Illustration: Azrieli Towers by "StateofIsrael" [CC BY-SA 2.0] via Flickr
Despite international political pressures that have frequently been brought to bear on Israel, economic confidence in the Jewish state has blossomed in recent years regardless of the politics. Several key points below exemplify this phenomena for the first month of the year alone — developments that have largely escaped media attention.
1. In January, Israel’s most successful ever government bonds issue totaled 2.5 billion euros: a 1.25 billion euro 10-year bond and 1.25 billion euro 30-year bond. The European demand was six times the amount of the bond issued (15 billion euros!) in spite of the low interest rate — 1.5% for the 10-year bond and 2.5% for the 30-year bond — reflecting confidence in Israel’s responsible economy and solid bond-repayment track record.
Some 300 investors from Britain, Germany, France, and other European countries — including European Central Banks, pension funds, and insurance companies — participated in the bond issue. At the same time, Saudi Arabia had to increase its interest rate to 3% in order to raise 3 billion euros.
2. Israel surged to fifth place in the latest Bloomberg Innovation Index for 2019, trailing South Korea, Germany, Finland, and Switzerland, but ahead of Singapore, Sweden, USA, Japan, and France. Israel was tenth in the 2018 Index. In 2019, Israel is the only country ahead of South Korea in the category of research and development expenditure as a percentage of GDP (4.3%). Israel’s major surge is in the area of patent activity — from 19th in the world in 2018 to the 4th spot in 2019.
The Bloomberg Innovation Index ranks the globe’s 60 most innovative countries according to the following criteria: GDP, productivity, patent activity, concentration of researchers, postgraduate PhD students engaged in research and development per one million people, and concentration of high-tech companies.
3. The largest ever Japanese delegation of 200 senior executives of 100 leading Japanese corporations, including Mitsubishi and Toshiba, along with Japan’s minister of economic affairs visited Israel, exploring ways and means to expand bilateral trade and investment. In 2018, Israel’s export to Japan grew 42% to $1.16 billion, mostly consisting of medical, optical, and metal equipment and products.
Since 2014, Japanese companies have made over 200 venture capital investments in Israel’s hi-tech sector. However, Japan — the world’s 3rd largest economy — accounted for only 2% of foreign investment in Israel during the past five years. In addition to commercial hi-tech, Japan is increasingly interested in cooperation and acquisitions in the areas of defense and homeland security. Israel’s innovation track record has enticed dozens of Japanese companies to explore the potential of research, development, and production cooperation with compatible Israeli companies.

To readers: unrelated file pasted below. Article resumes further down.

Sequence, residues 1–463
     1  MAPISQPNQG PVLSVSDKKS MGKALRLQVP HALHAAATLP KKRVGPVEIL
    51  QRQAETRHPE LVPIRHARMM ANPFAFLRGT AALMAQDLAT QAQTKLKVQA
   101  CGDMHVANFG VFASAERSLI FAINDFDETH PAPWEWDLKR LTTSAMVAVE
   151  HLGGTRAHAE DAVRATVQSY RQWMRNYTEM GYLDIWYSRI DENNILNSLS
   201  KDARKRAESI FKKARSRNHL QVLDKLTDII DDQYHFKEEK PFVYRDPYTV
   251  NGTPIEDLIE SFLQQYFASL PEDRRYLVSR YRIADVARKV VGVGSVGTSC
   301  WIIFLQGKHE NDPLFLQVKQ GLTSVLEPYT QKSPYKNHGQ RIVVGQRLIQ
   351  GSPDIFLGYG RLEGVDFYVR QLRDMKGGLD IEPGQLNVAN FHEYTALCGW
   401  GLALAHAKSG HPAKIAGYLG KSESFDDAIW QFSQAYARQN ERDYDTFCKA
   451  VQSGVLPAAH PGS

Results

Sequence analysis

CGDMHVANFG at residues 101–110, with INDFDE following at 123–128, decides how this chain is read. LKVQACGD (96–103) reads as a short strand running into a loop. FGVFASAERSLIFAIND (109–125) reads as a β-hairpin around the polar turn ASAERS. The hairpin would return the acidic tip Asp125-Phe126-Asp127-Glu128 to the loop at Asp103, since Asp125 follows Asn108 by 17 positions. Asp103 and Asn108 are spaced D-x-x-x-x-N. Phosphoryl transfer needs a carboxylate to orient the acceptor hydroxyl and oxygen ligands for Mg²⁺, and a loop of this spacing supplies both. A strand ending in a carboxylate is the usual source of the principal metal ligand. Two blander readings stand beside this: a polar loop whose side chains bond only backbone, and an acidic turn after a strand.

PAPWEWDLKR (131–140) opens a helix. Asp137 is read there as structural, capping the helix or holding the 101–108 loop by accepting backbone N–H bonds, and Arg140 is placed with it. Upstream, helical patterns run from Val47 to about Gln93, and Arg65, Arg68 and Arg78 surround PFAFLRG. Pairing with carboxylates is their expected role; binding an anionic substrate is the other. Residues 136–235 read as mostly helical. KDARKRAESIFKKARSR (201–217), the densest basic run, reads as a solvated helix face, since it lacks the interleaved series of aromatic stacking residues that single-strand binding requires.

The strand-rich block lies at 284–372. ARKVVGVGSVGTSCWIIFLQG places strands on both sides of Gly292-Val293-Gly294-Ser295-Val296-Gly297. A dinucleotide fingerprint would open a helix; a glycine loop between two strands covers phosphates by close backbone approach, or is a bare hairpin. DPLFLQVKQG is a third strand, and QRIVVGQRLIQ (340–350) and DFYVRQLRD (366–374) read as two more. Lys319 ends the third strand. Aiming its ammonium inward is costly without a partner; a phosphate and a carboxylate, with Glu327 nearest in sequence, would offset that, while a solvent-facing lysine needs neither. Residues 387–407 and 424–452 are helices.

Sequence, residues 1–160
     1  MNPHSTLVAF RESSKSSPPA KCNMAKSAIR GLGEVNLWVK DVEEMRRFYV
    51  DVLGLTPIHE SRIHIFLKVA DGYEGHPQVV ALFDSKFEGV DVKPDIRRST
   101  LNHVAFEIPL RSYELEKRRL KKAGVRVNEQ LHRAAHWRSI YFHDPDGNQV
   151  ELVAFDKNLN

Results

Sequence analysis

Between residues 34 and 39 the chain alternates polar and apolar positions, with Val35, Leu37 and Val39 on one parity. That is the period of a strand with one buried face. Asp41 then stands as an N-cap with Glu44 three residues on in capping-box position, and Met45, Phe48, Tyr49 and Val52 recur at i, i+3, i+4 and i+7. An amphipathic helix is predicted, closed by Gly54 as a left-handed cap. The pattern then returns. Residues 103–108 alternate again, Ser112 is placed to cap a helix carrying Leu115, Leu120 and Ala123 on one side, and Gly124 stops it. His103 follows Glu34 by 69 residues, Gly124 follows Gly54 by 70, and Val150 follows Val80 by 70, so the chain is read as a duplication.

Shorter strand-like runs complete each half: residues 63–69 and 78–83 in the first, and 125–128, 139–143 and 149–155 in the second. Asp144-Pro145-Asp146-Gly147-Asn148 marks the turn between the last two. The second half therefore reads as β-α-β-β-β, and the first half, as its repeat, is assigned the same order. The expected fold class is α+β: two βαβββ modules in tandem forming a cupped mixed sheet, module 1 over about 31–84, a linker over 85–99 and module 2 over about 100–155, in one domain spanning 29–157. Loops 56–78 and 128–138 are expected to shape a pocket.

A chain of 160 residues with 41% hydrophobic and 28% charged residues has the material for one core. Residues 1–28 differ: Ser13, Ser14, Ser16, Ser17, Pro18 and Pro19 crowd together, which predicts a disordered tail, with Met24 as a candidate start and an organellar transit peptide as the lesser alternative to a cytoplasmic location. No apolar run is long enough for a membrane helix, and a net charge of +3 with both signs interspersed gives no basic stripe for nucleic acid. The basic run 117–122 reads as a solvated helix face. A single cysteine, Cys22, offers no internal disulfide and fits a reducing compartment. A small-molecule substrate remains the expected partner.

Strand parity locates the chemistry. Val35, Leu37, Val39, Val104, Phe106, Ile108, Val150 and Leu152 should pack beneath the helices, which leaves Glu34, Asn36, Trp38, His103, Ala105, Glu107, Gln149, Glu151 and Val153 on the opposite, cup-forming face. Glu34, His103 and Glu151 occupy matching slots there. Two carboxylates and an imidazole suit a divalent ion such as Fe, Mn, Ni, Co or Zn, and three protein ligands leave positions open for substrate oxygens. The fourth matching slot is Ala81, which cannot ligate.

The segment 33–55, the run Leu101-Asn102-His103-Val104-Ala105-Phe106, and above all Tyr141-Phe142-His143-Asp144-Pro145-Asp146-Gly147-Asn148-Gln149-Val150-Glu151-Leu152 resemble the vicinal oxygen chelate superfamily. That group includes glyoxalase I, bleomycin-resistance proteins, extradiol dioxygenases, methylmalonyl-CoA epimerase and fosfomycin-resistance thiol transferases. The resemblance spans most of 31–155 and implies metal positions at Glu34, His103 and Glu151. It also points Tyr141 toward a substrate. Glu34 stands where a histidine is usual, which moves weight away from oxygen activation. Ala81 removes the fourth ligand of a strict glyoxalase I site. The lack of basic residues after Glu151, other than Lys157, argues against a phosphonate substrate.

Japan’s and Israel’s economic ministers signed an agreement enhancing digital health cooperation, teaming substantial Japanese corporations and ground-breaking Israeli startups. Another agreement highlights the matching of Israeli innovations (e.g., artificial intelligence, cyber technologies) and Japanese manufacturers, targeting the Japanese market. A leading Israeli venture capital fund, Vertex, has benefitted from hundreds of millions of dollars invested by 31 Japanese investors, including financial institutions and major corporations.
4. The $17 billion US private equity fund, Thoma Bravo, acquired Israel’s cyber security Imperva for $2.1 billion. Imperva, which was established by Israeli entrepreneurs and developers, is headquartered in the Silicon Valley with its major research and development center in Israel, which employs 450 people.
5. The South Korean conglomerate Samsung agreed to the the acquisition of Israel’s Corephotonics (smartphone camera technologies) for $155 million. Samsung Ventures has already invested in 15 Israeli companies.
6. In 2018, Israeli startups raised a record $6.4 billion, 17% higher than 2017 ($5.5 billion) and 120% higher than 2013 ($2.95 billion), although the number of startups involved has decreased slightly. The last quarter of 2018 produced a new record of $1.8 billion raised by Israel’s high tech companies. The $5 million investments have decreased in number, while the number of the investments over $20 million has increased.
Israeli software companies’ capital raising has grown over 50% since 2015. 2018 was the strongest year for Israeli cybersecurity companies, which raised $1 billion. Artificial Intelligence companies have sustained their uptrend valuations. The growing maturity of Israeli startup companies is attracting a growing number of global corporations, venture capital funds, and individual investors. For the first time since 2013, the number of follow-on investments has exceeded the number of first-time investments.
Ambassador (ret.) Yoram Ettinger is the director of The Ettinger Report: Second Thought: a US-Israel Initiative Click here to read more of this writer’s work in The Jerusalem Herald.